A brief and basic introduction to Parallel Distributed Computing in Perl
Version: 0.101GRID::Machine::perlparintro is a brief and basic introduction to Parallel Distributed Computing in Perl.
License: Perl Artistic License
Operating System: Linux
$ time gridpipes.pl 1 1000000000
Process 0: machine = beowulf partial = 3.141593 pi = 3.141593
Pi = 3.141593. N = 1000000000 Time = 27.058693
pp2@nereida:~/LGRID_Machine/examples$ time gridpipes.pl 2 1000000000
Process 0: machine = beowulf partial = 1.570796 pi = 1.570796
Process 1: machine = orion partial = 1.570796 pi = 3.141592
Pi = 3.141592. N = 1000000000 Time = 15.094719
pp2@nereida:~/LGRID_Machine/examples$ time gridpipes.pl 3 1000000000
Process 0: machine = beowulf partial = 1.047198 pi = 1.047198
Process 1: machine = orion partial = 1.047198 pi = 2.094396
Process 2: machine = nereida partial = 1.047198 pi = 3.141594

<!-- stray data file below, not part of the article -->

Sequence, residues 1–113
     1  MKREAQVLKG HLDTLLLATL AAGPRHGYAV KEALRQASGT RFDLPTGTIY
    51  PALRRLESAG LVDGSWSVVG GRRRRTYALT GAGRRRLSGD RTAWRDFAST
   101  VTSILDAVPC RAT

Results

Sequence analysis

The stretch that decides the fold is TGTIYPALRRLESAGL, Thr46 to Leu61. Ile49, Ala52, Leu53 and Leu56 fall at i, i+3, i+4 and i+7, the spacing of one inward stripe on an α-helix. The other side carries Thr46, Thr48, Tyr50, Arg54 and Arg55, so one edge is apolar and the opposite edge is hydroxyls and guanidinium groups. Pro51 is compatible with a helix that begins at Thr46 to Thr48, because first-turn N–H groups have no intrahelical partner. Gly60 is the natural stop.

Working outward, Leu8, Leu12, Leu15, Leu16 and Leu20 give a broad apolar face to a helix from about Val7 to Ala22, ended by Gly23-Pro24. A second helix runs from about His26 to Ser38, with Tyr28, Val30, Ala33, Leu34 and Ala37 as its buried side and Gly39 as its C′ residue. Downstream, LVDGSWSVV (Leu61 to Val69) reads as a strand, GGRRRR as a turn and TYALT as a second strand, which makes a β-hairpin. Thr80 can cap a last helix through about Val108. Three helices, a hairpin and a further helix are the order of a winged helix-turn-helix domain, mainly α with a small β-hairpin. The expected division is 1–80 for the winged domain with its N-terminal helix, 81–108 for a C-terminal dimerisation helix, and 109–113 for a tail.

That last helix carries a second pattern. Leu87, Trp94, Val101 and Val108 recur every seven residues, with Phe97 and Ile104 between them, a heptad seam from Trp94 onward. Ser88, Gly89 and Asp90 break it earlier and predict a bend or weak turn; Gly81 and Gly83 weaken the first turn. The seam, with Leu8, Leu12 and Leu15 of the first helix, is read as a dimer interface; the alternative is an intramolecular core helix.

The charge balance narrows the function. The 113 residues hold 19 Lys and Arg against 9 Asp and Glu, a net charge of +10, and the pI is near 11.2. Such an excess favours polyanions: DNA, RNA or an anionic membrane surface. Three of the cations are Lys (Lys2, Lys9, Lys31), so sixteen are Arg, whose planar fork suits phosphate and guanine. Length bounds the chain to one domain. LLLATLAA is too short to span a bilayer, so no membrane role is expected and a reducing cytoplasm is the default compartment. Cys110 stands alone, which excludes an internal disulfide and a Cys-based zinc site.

Pi = 3.141594. N = 1000000000 Time = 10.971036
The total computational power of institutions as a whole has dramatically rised in the last decades, but due to distributed ownership and administration restrictions, individuals are not able to capitalize such computing power. Many machines sit idle for very long periods of time while their owners are busy doing other things. Many of them run some sort of UNIX, have Perl installed and provide SSH access.
If such is your scenario you can use GRID::Machine to have perl interpreters running in those nodes and make them collaborate to give you more computational power and more fun. All this without having to ask administrators or having to install any additional software.
This tutorial introduces the basics of parallel computing by means of a simple program that distributes the evaluation of some mathematical expression between several machines. The computational results show that - when the problem is large enough - a substantial improving is gained in performance: The execution times is reduced to the half by using two machines.